Consider your opponents holdings

First level poker players are only thinking about their own hand. If they hold four to a flush they are thinking about t...

Posted Mar 17, 2013


Bart Hanson BW2

Bart Hanson

Owner and Lead Pro

First level poker players are only thinking about their own hand. If they hold four to a flush they are thinking about the chances of making their draw not evaluating what their opponents might be holding.

The key to successfully value betting and bluffing is to play off the range of your opponents' hand not your own. You should get into a habit of constantly thinking to yourself "what does he have" during a hand. In reality your actual hand is less relevant than your opponents' especially when most people miss boards in Hold'em.

Here is a hand that I played at $5-10 NL at the Bicycle Casino. A few people limped in in front of me and I raised from MP2 to $50 with T T. Everyone folded and it got back to the initial limpers who called. The flop came out 8 6 8. Surprisingly, one of the limpers, an older, tighter player, led out at the pot for $150 and the guy to my right, who was awful, called. Everyone was $2500 deep. Instead of considering my own hand my mind started evaluating the other players' ranges. I was almost positive that the older gentleman did not have an 8 and would not lead with a flopped monster like 66. I was a concerned however, that he could have a hand like JJ or QQ that he had just limp called with. The guy in the middle was definitely more of a wild card. He could have had a 6, straight draw, flush draw or be slowplaying an 8. For these reasons I decided to just call with position to see what developed on the turn. Fourth street brought a beautiful T and the old man fired $500. The guy in the middle was about to fold but painstakingly looked at the pot and called once again. Now, the pot was $1600 and my opponents both had about $1800 left in their stack. Usually in this spot I would make a small raise but the pot had been bloated up so much and the player in the middle was so bad I did not want either player to fold. At this point I was sure the guy in the middle had a flush or straight draw, not an 8. I was also fairly certain now that the older man had a hand he was trying to protect (although not an 8) and it would put him in an impossible spot if I raised. The river came out the 2 and with $2100 in the pot and $1800 left in his stack the upfront player checked. The middle guy also checked, and the action was on me.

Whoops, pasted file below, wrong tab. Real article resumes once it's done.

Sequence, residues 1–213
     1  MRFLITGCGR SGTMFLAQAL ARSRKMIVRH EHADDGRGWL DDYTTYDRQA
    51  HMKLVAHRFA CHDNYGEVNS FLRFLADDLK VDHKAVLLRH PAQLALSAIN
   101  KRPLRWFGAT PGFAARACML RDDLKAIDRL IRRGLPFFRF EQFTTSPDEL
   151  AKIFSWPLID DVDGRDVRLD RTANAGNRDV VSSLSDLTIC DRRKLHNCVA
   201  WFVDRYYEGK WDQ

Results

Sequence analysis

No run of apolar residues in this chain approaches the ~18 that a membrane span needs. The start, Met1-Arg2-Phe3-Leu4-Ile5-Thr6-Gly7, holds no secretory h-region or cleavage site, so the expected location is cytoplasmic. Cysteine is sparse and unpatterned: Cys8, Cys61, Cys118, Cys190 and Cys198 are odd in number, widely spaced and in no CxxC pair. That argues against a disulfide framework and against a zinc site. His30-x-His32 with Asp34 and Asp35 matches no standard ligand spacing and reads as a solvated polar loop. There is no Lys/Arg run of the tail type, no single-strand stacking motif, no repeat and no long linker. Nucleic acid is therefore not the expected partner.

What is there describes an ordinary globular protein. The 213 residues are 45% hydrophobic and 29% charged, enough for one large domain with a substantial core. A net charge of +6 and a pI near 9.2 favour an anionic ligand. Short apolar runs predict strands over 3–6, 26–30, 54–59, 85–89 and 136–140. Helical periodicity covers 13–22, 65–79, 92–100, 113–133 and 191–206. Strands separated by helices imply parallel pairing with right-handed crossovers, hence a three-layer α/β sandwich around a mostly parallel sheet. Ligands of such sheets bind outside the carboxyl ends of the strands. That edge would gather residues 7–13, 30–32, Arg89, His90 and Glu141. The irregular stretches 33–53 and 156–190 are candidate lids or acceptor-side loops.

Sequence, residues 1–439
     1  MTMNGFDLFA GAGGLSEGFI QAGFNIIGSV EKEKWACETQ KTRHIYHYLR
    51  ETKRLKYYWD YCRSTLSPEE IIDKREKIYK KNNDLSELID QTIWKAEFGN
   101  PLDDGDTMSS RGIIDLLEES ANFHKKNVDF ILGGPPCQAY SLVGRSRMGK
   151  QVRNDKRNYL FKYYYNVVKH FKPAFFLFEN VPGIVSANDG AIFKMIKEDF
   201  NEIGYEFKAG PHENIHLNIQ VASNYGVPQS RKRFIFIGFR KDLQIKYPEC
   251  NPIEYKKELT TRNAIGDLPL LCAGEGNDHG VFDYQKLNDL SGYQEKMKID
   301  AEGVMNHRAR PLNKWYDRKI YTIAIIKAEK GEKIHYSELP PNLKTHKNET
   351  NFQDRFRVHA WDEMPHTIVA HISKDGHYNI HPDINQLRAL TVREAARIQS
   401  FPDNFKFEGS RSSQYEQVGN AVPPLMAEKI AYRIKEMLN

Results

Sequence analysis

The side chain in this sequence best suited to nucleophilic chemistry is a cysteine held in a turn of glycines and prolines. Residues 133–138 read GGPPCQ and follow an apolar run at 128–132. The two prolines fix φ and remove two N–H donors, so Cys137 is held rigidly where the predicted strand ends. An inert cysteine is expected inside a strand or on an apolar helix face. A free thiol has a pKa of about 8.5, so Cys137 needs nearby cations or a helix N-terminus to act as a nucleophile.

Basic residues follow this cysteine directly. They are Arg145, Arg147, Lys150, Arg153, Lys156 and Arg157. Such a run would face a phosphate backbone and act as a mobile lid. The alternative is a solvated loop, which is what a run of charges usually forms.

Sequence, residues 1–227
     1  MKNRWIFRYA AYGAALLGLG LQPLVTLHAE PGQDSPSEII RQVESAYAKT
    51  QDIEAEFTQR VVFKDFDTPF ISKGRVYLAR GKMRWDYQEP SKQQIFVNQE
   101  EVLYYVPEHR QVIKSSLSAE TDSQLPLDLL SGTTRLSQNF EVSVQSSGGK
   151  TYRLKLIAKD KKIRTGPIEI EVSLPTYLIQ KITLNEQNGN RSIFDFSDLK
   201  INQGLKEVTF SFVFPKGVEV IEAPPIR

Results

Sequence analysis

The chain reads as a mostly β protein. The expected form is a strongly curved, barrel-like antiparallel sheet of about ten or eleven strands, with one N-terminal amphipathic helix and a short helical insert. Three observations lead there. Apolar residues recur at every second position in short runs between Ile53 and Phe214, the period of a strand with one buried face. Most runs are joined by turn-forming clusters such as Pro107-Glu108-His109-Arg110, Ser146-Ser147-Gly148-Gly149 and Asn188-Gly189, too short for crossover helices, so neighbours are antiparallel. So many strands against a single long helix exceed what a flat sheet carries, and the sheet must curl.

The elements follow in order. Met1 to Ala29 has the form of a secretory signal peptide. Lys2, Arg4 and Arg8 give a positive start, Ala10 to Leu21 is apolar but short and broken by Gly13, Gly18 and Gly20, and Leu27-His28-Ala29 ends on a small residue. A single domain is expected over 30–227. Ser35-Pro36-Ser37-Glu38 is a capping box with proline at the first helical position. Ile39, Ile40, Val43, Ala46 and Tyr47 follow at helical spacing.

A lot of people in this spot make the mistake of bombing the river as an all-in because they basically have a nut hand. In fact our hand here is irrelevant. We know that we have the best holding but we have to extract the maximum amount of value from everyone else's hand. I thought that the old man squarely had JJ or QQ and wanted to try to get paid. The guy in the middle had become irrelevant because it was obvious to me that he had missed his draw. I decided to bet $675. The old man went into the tank for about a minute and finally called. The MP player quickly folded and I scooped a nice pot.

In the above example there is a huge difference in what comes at the river. Let us say, for example a diamond comes completing the front door flush. If it was checked to me here I would most likely move all in or make a big bet as I would think that I would not get a call from the old man with JJ or QQ anyway but would want to maximize from the guy in the middle if he had caught his flush. Wouldn't he bet though, you ask? Not always as when the pot gets bigger and bigger people want to go to showdown more and more cheaply when they do not have the actual nuts. Let's say the river was a Q, K or A. These cards are more difficult to evaluate as I expect the player in the middle to call a big bet if his flush draw ran into top pair but it is tough to extract value from the older man with JJ.

The thing to notice from the above example is that I am constantly thinking about my opponents' range not my own. The more that you can do this the better player that you will become.

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